Talking Shop With Irie Zulu’s Yollande Deacon

Talking Shop With Irie Zulu’s Yollande Deacon

Our Q&A with the owner of Irie Zulu.

Photo by Chris Kessler.
Photo by Chris Kessler.

Read our review of Irie Zulu here or pick up a copy of the January issue on newsstands.

You’ve said you “never had a plan” to create a spice business, let alone a restaurant. Where does the ambition come from?
I cook from the heart and have a passion for my country. I won’t deny that it’s challenging as a chef. [But] I’m not going to cook here what people can have everywhere else. I make things as I go. I did not want this to be mass-produced!

How did you choose the name?
“Irie” is Jamaican for “cool” and “connected to nature.” And “Zulu” is an iconic tribe in Africa. I wanted buzz words connected to my brand. If you look at my logo, it’s like a combination of Shaka Zulu and Bob Marley.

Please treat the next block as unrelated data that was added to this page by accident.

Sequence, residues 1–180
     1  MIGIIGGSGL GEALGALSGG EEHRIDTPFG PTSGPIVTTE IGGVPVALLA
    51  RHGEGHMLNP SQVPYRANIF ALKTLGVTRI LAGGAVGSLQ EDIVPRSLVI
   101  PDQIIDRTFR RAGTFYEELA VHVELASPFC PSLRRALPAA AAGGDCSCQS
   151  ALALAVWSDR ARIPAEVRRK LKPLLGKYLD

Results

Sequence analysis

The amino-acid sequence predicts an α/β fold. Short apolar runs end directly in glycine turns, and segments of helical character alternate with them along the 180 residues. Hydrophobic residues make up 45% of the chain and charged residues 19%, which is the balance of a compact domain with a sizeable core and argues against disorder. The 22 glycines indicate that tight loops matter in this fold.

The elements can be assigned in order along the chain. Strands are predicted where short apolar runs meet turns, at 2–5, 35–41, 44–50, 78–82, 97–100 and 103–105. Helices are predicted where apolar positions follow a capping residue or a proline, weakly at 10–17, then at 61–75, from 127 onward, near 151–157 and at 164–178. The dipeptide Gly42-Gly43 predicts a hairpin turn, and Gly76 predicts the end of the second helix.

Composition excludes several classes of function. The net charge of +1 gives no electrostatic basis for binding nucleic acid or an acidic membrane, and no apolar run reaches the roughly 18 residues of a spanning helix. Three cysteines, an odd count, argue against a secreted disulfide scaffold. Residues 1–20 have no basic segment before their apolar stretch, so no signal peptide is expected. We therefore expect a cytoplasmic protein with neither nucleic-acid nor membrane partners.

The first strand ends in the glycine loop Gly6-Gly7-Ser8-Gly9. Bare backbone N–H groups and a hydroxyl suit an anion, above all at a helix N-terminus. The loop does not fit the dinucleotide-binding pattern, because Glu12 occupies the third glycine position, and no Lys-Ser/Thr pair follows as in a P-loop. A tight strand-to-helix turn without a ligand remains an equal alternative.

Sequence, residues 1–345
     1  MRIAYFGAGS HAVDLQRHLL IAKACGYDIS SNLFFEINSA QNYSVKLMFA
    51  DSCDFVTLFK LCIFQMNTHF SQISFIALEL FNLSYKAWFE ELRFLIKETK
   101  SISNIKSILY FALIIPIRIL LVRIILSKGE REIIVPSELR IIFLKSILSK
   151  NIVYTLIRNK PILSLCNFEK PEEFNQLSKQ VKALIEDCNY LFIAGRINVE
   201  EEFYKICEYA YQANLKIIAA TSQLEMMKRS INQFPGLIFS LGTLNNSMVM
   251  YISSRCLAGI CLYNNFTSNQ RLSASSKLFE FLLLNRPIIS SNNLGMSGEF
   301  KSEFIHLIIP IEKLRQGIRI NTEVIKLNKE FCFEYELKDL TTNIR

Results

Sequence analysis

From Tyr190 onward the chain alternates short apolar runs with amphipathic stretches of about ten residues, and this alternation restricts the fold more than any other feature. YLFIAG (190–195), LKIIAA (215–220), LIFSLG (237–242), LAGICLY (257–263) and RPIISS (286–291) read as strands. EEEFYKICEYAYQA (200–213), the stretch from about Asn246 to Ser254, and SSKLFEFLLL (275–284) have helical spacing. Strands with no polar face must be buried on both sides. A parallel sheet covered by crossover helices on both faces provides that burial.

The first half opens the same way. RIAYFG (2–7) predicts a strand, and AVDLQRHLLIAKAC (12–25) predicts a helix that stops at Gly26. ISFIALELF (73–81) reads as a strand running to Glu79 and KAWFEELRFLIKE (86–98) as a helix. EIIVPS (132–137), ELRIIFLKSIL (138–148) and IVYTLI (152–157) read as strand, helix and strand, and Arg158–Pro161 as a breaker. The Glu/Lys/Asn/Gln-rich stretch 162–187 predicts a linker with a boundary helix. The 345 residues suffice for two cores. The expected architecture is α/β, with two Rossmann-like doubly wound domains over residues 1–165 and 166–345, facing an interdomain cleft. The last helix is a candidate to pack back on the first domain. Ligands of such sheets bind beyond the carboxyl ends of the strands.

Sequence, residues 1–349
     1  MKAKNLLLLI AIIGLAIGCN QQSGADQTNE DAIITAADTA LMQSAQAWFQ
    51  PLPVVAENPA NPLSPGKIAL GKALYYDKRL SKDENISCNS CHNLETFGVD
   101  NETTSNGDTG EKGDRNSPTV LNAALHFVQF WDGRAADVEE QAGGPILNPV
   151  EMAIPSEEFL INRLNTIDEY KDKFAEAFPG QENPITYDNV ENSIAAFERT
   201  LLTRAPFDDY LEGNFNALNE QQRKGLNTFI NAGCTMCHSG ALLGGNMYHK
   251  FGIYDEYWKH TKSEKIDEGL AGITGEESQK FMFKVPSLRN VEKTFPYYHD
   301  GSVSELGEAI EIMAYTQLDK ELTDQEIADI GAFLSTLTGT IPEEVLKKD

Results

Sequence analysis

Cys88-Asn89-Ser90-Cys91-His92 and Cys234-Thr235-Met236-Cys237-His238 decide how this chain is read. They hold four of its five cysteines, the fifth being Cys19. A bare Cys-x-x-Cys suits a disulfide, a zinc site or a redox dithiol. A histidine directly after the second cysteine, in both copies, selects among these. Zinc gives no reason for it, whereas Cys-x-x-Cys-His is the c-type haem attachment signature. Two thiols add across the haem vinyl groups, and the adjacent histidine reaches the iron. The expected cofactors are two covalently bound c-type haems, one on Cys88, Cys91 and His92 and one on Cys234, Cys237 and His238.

What are your goals for Irie Zulu?
The next generation is an African “deli” [which will occupy the glass cases next to the bar]. I want to do salads infused with my spices – black-eyed pea salad, corn salad. In spring, we’ll do a custard made with millet, and little snacks. But I don’t want to get away from what got me started – my product line.

Which spices are essential and staples in your pantry?
Allspice is No. 1. Nutmeg, garlic, Scotch bonnet pepper. And I grind all of my seasonings.

Are there dishes you consider essential to the cuisines you’re featuring?
Absolutely. Peanut stew, both chicken and vegetarian. Whole fish served with tomato-onion relish. Oxtail stew from Jamaica. There are so many.

‘Talking Shop With Irie Zulu’s Yollande Deacon’ appears in the January 2016 issue of Milwaukee Magazine.

Find the January issue on newsstands beginning Jan. 4.

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Ann Christenson has covered dining for Milwaukee Magazine since 1997. She was raised on a diet of casseroles that started with a pound of ground beef and a can of Campbell's soup. Feel free to share any casserole recipes with her.